Back on Feb. 2, General Beauregard Lee, Georgia’s prognosticating groundhog, predicted that we’d have an early spring this year. He also predicted the Falcons would win the Super Bowl.
Well, he got it half right. On the map above, the splotch of deep red tells you that for much of the country, including metro Atlanta, spring is indeed coming early, as in way, way early. As in more than three weeks early. Plants are blooming and leafing now that shouldn’t be doing so until mid-March, and the predicted high of 77 today — which would tie a record — will only accelerate that process. In the entire month of February, we’ve had exactly one night of below-freezing temperatures; the daily high this month has never been lower than 52; today will make seven days this month with highs above 70, with more likely.
It ain’t right, and you know it ain’t right. You feel it in your bones when you step outside, and the plants and critters know it far better than we do. Global climate models have long predicted that north Georgia would eventually have the heat-heavy climate of south Georgia and north Florida, driving out plants, animals and aquatic life long native to this region, and that transformation appears to be happening pretty quickly.
In 2012, the U.S. Department of Agriculture updated its plant-hardiness maps, shifting the zones 50 to 100 miles northward in Georgia, meaning that Atlanta now has the climate that was once natural to Macon. However, that change reflected temperature data compiled only through 2005, and since then we’ve recorded nine of the 10 warmest years on the global record, including 2016, the warmest of them all.
And of course, it’s not just here. According to the National Centers for Environmental Information, 5,294 daily high-temperature records were broken nationwide from Feb. 1 through Feb. 20. Only 85 record-lows were set. In Oklahoma, where daily highs this month ought to average 56 degrees, temperatures hit 99 degrees a couple of weeks ago, 43 degrees above normal.¹
In the Arctic and Antarctic, sea-ice levels have never been lower for this time of year. There is open water in areas where there should be solid ice for hundreds of square miles.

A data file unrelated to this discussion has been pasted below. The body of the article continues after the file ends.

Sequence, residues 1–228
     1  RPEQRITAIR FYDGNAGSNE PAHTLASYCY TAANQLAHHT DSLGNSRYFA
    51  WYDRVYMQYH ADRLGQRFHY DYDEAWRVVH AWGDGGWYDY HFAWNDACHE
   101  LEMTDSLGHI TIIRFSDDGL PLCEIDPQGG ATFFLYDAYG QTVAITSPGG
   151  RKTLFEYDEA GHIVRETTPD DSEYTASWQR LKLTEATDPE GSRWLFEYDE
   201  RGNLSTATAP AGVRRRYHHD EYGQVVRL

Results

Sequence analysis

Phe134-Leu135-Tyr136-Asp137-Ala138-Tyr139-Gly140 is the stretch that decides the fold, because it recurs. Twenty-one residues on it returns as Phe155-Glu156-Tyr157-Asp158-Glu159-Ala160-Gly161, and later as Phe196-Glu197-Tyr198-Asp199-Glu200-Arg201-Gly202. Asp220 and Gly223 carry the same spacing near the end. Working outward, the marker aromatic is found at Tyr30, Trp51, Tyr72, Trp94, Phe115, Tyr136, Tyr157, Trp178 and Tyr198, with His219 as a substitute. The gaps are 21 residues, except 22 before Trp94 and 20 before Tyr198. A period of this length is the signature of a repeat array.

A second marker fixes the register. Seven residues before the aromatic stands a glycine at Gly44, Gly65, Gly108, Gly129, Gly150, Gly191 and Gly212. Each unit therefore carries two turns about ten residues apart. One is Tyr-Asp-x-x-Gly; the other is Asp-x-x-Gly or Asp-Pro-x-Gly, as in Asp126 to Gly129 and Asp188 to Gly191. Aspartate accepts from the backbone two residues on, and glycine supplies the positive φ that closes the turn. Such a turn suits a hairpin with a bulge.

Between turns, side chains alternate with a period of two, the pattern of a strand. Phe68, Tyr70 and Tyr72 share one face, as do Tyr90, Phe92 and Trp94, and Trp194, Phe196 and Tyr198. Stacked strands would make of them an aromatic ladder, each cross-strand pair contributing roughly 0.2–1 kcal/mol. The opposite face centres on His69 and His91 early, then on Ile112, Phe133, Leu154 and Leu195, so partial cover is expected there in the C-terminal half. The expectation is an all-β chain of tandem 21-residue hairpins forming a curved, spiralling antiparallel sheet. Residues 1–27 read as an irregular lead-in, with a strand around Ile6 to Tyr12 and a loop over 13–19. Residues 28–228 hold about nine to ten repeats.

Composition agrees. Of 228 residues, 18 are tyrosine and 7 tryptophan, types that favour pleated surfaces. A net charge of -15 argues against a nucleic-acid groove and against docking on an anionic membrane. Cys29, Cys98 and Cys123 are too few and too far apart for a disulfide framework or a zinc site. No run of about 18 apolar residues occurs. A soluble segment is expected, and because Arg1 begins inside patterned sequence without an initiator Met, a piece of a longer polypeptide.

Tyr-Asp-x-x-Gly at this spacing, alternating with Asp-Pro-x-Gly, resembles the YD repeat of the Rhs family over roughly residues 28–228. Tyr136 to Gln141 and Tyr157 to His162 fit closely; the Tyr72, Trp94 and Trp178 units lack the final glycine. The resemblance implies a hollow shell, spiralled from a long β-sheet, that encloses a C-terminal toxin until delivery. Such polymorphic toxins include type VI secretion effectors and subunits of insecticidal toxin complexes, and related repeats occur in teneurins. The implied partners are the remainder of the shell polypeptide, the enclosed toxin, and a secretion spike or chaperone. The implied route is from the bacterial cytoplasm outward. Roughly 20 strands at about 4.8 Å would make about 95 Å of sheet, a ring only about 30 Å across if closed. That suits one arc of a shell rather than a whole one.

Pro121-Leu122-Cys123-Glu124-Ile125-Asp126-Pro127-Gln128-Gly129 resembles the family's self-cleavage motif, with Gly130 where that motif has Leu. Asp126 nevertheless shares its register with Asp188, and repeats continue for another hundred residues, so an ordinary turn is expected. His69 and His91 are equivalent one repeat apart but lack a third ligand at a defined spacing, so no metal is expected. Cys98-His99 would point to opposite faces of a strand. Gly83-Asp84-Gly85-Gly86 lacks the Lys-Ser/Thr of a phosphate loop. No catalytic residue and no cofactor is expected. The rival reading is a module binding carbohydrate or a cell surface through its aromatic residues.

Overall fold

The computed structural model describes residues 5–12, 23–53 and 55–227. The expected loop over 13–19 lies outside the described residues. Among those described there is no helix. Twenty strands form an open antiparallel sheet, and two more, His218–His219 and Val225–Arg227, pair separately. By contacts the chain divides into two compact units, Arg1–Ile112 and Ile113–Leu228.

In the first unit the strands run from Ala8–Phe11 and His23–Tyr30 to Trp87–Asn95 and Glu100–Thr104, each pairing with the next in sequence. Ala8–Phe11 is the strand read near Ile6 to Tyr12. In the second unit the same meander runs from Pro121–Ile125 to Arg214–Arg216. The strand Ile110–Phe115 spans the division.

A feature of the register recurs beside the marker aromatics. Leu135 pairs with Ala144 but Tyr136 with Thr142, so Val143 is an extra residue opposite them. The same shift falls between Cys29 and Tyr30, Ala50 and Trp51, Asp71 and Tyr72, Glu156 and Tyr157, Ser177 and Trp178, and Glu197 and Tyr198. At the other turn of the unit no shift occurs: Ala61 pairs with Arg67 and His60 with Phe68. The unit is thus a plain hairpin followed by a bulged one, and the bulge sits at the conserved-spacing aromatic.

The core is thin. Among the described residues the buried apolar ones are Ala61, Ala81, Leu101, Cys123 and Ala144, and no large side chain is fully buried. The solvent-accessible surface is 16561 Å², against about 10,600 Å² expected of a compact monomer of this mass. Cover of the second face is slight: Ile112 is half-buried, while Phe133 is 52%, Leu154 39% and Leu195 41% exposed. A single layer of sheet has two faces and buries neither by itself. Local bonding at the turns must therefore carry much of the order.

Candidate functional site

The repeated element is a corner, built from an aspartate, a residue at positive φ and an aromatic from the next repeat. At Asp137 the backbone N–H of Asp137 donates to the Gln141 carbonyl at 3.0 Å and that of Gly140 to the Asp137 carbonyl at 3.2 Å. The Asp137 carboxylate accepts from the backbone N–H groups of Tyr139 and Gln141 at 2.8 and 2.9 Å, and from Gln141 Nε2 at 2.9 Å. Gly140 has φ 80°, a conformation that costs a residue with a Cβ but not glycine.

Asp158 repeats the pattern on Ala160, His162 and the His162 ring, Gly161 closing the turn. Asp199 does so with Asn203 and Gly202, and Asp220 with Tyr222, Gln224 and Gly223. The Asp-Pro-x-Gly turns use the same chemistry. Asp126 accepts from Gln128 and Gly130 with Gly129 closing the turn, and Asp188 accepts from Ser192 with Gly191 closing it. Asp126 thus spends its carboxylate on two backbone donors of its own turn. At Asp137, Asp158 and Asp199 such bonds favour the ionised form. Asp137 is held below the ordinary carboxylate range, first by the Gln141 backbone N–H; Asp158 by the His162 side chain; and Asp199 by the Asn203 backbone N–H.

“We knew the Arctic would be the place we’d see the effects of climate change first, but what’s happened over the last couple of years has rattled the science community to its core,” says Mark Serreze, director of the National Snow and Ice Data Center. “Things are happening so fast, we’re having trouble keeping up with it. We’ve never seen anything like this before.”
This is the fastest global temperature rise on the scientific record, reaching back tens of thousands of years through ice cores, tree rings and other indicators. It is the fastest warming by far, many times more rapid than anything we can find, and we’re watching it happen within the span of a human lifetime.
Furthermore, it has no plausible natural cause. There is only one suspect in this crime against nature and human posterity, and it is us.
Enjoy the nice day.
¹ Oklahoma is home to U.S. Sen. James Inhofe, the climate-change denier who held up a snowball on the floor of the Senate two years ago as evidence that scientists didn’t know what they were talking about. It is also home to Scott Pruitt, stalwart defender of the oil and gas industry, who was confirmed last week as administrator for the Environmental Protection Agency. He is already moving to overturn the agency’s Clean Power Plan mandating lower carbon emissions from power generators.